@Wrexler_42 I'm reading a technical guide on distributed computing, if you can believe it. How far I have fallen in my return to tech. Woe is me. Woe is me! https://t.co/rbUORJ1nv4

  • Chaos Monkeys Intl

    Antonio Garcia Martinez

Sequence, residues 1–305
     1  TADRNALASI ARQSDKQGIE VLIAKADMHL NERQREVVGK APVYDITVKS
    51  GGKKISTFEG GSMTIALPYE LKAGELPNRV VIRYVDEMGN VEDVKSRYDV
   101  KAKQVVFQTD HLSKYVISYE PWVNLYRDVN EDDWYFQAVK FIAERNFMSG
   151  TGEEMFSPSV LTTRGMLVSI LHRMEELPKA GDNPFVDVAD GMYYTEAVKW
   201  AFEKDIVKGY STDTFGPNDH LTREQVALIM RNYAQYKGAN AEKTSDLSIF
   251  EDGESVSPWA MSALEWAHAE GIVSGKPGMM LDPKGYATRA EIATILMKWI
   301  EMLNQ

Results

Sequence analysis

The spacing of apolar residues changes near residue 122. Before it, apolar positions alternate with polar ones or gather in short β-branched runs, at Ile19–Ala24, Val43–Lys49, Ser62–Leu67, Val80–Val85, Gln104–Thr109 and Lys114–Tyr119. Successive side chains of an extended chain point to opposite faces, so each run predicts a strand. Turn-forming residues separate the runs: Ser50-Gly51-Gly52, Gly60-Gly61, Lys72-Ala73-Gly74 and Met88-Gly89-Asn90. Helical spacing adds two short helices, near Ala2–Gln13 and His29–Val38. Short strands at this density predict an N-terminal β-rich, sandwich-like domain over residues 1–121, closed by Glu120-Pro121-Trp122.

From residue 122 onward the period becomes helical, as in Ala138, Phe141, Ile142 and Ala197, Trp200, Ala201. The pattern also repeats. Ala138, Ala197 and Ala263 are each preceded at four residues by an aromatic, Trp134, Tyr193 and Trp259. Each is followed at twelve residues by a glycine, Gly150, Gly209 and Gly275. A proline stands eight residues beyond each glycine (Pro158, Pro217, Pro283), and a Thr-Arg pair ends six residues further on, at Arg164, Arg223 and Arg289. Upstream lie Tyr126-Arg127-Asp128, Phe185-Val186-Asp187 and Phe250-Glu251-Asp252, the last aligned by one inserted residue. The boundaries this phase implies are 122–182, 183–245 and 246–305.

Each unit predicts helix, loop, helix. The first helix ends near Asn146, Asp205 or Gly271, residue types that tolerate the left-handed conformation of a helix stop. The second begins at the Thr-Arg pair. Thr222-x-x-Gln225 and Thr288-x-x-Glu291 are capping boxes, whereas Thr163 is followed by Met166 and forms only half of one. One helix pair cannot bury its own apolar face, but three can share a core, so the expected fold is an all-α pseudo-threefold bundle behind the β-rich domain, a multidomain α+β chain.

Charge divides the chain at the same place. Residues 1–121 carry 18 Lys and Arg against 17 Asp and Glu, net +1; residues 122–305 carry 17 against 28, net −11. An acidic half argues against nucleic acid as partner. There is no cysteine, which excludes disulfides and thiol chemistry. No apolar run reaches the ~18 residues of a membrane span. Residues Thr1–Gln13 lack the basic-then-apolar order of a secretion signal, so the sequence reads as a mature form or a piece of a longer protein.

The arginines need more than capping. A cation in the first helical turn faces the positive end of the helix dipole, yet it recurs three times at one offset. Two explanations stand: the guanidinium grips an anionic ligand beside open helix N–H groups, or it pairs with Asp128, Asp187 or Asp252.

Imagine a chimpanzee rampaging through a data center powering everything from Google to Facebook. Infrastructure engineers use a software version of this “chaos monkey” to test online services’ robustness—their ability to survive random failure and correct mistakes before they actually occur. Tech entrepreneurs are society’s chaos monkeys, disruptors testing and transforming every aspect of our lives, from transportation (Uber) and lodging (Airbnb) to television (Netflix) and dating (Tinder). One of Silicon Valley’s most provocative chaos monkeys is Antonio García Martínez. After stints on Wall Street and as CEO of his own startup, García Martínez joined Facebook’s nascent advertising team, turning its users’ data into profit for COO Sheryl Sandberg and Chairman and CEO Mark “Zuck” Zuckerberg. Forced out in the wake of an internal product war over the future of the company’s monetization strategy, García Martínez eventually landed at rival Twitter. He also fathered two children with a woman he barely knew, brewed illegal beer on the Facebook campus (accidentally flooding Zuckerberg’s desk), lived on a sailboat, raced sports cars on the 101, and enthusiastically pursued the life of an overpaid Silicon Valley cad. Now this gleeful contrarian unravels the chaotic evolution of social media and online marketing and reveals how it is invading our lives and shaping our future. Weighing in on everything from startups and credit derivatives to Big Brother and data tracking, social media monetization, and digital “privacy,” García Martínez shares his scathing observations and outrageous antics, taking us on a humorous, subversive tour of the fascinatingly insular tech industry. Chaos Monkeys lays bare the hijinks, trade secrets, and power plays of the visionaries, grunts, sociopaths, opportunists, accidental tourists, and money cowboys who are revolutionizing our world. The question is, how will we survive?